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Too early for a pump?

Discussion in 'Insulin Pump Forum' started by ruby_jane26, Jan 10, 2018.

  1. ruby_jane26

    ruby_jane26 Type 1 · Active Member

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    Hi guys, I have my hba1c appointment soom which is my second hba1c ever. My first was 12.8 (at diagnosis). I feel like i could benefit from an insulin pump and my dsn said a few weeks ago that it shouldn't be a problem going on a pump, just need to sort out funding. The reason for getting a pump is my inability to fully excersise without going hypo (even when reducing insulin), my fear of hypos - i cant sleep unless i know im not in danger of my sugars dropping when i sleep. As you'e prpbably guessed, this means i snack before bed and because of this i have gained weight. Diet alone isnt helping and i would like to get back into excersise like before I had type 1 diabetes. A few hypo scares are what have thrown my confidence off and i dont always feel the hypos come on
    Also because I don't have a routine, my daily routine is non existent. I lead a hectic life and I don't eat regulary at all and this messes with my sugars (even though I try to eat as close to meal times as possible). I'm going off to uni in September to do a nursing degree which will have alot of shift work on placement, I'm just trying to sort myself out now so that I'll have an easier experience in uni.
    A concern of mine is that funding won't be considered because of how long ago I was diagnosed. Do you recommend me going forward and asking about it at my appointment?

    At current I may be having to come off tresiba due to skin reactions. I've heard most other basils arent as flat as tresiba. Maybe the pump will be a better option for that too..?

    Thanks
     
  2. Books1

    Books1 LADA · Well-Known Member

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    If your dsn is saying it shouldn't be a problem you need to follow up with them and find out what the next steps are. There's usually forms for you to complete before they can apply for funding.
    I've just attended my pre Pump meeting but it did take a while to get everything in place.
    Good luck

    F
     
    • Agree Agree x 1
  3. tim2000s

    tim2000s Type 1 · Expert
    Retired Moderator

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    One thing I would say is that a pump isn't necessarily going to be a panacea in this situation. It requires more work to get it set up to the correct config and you'll still need to observe careful monitoring and management to manage things like exercise.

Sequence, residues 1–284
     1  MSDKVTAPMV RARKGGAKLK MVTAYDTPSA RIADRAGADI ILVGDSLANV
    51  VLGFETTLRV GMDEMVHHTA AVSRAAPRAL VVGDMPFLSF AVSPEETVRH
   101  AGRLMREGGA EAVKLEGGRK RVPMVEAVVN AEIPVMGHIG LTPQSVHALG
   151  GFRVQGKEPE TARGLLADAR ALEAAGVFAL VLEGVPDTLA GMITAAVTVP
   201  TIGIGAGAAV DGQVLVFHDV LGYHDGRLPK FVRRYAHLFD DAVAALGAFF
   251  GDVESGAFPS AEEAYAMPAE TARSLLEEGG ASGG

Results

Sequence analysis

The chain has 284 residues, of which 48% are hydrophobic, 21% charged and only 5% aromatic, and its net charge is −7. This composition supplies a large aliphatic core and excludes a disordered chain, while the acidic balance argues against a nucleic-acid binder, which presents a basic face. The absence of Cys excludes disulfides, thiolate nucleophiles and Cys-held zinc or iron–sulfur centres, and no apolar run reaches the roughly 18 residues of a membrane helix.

Whilst you're honeymooning, getting the basal levels right is still tricky, and while you'll have the flexibility to reduce insulin amounts, you still need to consider things a couple of hours in advance to get the best results.

    I'm sure it will help, but don't expect it to magically make things easier.
     
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  4. Chowie

    Chowie Type 1 · Well-Known Member

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    Exercise will most probably still give you Hypos with a pump. The advantage is you can reduce your insulin consumption 2 - 4 hrs before you exercise, but you will still have to plan it. If the D team say yes go for it. If the difference is pay for it now or get it free in a year, personally I would wait. I'm about to go onto a pump in just under 2 weeks. In Australia this involves visits to Diabetic Educators x 4, Specialist x 1, Dietician x 2, just to get onto it followed by numerous follow ups. Daily Texts for the first week and the list goes on. Try a Libre first, this will give you an idea what is going on and if you have to have a snack before exercise. It's more than possible you may have skin reactions with the cannula site. Your D team will most probably test that first. As far as a crazy life MDI should be almost as accomodating. I skip meals delay meals up to 6 hrs. I have been warned for the first 3 months a pump is a life changer and not necessarily in a good way. Don't expect to hook it up, off you go and life is great. If you are still at school studying, I wouldn't take the pump on in your final high school year.
     
    • Agree Agree x 1
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